Health News Digest

Expect more from our public health agencies

June 1, 2020

Shouldn’t We Expect More From Our Public Health Agencies?

By Michael D. Shaw

It’s time that we strip away the politics, and examine the plain and obvious facts surrounding the long-term epic failure of our public health agencies. Since COVID-19 is on everyone’s minds, let’s start there.

The most glaring and utterly horrific aspect of this is how our leaders decided to quarantine the healthy, and ignore the most vulnerable. This recent piece from Forbes lays it out…

43% of all COVID-19 deaths have taken place in nursing homes and assisted living facilities. Or, to put it another way, 43% of all COVID-19 deaths are taking place in facilities that house 0.62% of the U.S. population. And, depending on what state you’re talking about, the percentage can be much higher. Minnesota clocks in at an astonishing 81%. There is also a big contrast between the way states handled the matter of COVID-19 in these facilities. Florida governor Ron DeSantis had an aggressive screening policy in place, while New York governor Andrew Cuomo forced these facilities to accept all COVID-19 patients. The “force” policy was also in place in New Jersey and Michigan.

In fact, as the Forbes article details, Florida did most things right, yet—up until recently—the legacy media was lavish in its praise of Cuomo, who did virtually everything wrong.

It hardly takes a genius to realize that nursing home patients are at such high risk, but where were Cuomo’s “experts”? Stanford University epidemiologist John Ioannidis sounded the alarm back in March: “Even some so-called mild or common-cold-type coronaviruses have been known for decades [to] have case fatality rates as high as 8% when they infect people in nursing homes.”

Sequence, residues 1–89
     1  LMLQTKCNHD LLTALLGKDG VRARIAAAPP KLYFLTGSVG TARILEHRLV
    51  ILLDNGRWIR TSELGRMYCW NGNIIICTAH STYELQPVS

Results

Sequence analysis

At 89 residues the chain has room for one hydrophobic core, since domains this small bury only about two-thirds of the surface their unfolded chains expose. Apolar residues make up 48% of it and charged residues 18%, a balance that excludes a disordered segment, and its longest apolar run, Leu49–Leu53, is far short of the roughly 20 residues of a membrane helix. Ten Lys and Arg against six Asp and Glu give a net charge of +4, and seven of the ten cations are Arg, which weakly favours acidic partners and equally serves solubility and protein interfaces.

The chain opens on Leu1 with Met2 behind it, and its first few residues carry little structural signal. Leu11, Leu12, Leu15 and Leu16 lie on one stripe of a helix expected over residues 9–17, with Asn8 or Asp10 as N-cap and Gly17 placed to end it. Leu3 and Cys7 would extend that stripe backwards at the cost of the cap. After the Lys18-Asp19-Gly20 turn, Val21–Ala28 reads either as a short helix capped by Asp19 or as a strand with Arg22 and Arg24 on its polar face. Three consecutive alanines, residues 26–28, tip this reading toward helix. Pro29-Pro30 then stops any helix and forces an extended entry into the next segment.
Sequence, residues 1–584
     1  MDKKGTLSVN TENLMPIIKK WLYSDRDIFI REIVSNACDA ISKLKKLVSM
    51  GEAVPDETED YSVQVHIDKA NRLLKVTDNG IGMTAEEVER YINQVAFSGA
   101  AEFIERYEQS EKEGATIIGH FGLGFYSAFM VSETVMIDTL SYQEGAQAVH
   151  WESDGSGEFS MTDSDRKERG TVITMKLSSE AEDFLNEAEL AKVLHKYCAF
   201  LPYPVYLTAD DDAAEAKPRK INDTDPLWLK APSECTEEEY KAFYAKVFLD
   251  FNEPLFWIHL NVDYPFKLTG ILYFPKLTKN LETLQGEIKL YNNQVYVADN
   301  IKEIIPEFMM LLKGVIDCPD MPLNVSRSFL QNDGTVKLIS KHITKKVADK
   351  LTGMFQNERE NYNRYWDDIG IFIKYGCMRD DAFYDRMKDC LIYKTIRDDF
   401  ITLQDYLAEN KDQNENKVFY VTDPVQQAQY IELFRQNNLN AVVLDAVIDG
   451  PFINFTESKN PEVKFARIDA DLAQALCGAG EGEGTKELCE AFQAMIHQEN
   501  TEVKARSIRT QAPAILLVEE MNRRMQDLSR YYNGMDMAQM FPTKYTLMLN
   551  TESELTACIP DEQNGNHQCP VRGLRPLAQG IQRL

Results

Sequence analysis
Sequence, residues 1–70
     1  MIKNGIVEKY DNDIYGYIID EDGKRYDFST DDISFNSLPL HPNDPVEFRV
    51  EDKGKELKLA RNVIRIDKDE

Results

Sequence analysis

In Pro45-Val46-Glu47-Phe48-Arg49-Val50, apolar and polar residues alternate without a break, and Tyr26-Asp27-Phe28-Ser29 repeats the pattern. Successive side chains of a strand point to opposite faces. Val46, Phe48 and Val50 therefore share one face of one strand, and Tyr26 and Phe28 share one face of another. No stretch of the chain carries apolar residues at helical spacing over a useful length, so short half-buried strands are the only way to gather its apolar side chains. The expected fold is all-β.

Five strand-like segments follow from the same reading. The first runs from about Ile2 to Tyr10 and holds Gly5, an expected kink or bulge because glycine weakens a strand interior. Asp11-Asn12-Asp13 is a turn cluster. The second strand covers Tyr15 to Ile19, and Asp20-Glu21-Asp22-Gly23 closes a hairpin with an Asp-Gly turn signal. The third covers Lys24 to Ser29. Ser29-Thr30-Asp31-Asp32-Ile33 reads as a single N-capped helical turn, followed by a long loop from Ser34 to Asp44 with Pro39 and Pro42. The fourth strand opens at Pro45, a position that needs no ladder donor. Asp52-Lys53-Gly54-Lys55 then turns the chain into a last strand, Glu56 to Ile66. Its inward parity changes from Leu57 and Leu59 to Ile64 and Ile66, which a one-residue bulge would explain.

Public health leadership has succumbed to crass and corrupt politics with respect to the mortality numbers on COVID-19. In most of the cases where it was possible to distinguish those who died WITH the virus from those who died FROM the virus, the “FROM” tally was far lower. Yet, the higher numbers are nearly always reported.

Michael Fumento relates a ridiculous example:

“A male corpse was found in a Colorado park with a 0.55% alcohol level. That’s well above the lethal limit. The coroner declared cause of death as alcohol poisoning. But…the state’s Department of Public Health and Environment (DPHE) insisted on categorizing it as a COVID-19 death.” He details irregularities in other states, but they all seem to be justified under the rubric of motivating/scaring the people to take the pandemic seriously. Perhaps they aren’t familiar with the boy who cried “wolf.”

As to the notion of massive indiscriminate lockdowns, this is now being rigorously questioned on multiple fronts. They may not make a difference in the impact of the disease. The economic and non-COVID medical implications are devastating, and threaten to dwarf the consequences of COVID-19 itself. The origins of the lockdown theory are far from inspiring, and its very notion had already been debunked in 2006! Telegraph columnist Sherelle Jacobs eviscerates the lockdown actions.

As even the most casual observer will have noted, the positions and recommendations from our learned leaders have changed so many times, it is easy to lose count. After all, how “expert” can these experts be if they are revealed to be simply reporting each new iteration, rather than correctly predicting them?

Briefly moving on from COVID-19, it is nothing less than appalling as to how public health policy—foolishly touting the virtues of a low fat/high carb diet—ginned up our current epidemic of obesity and thus type 2 diabetes. The resulting hyperglycemia is simply the body’s reaction to excess caloric intake. And, if that weren’t bad enough, putting so many of these obese people on insulin will only exacerbate the problem. Insulin drives the sugar back into fat storage, thus increasing the weight, which often means the patient needs more insulin—and a vicious cycle has been unleashed.

As bad as COVID-19 is, the complications of diabetes and the resulting mortality are far worse. These are but two examples of how public health policy has failed us all.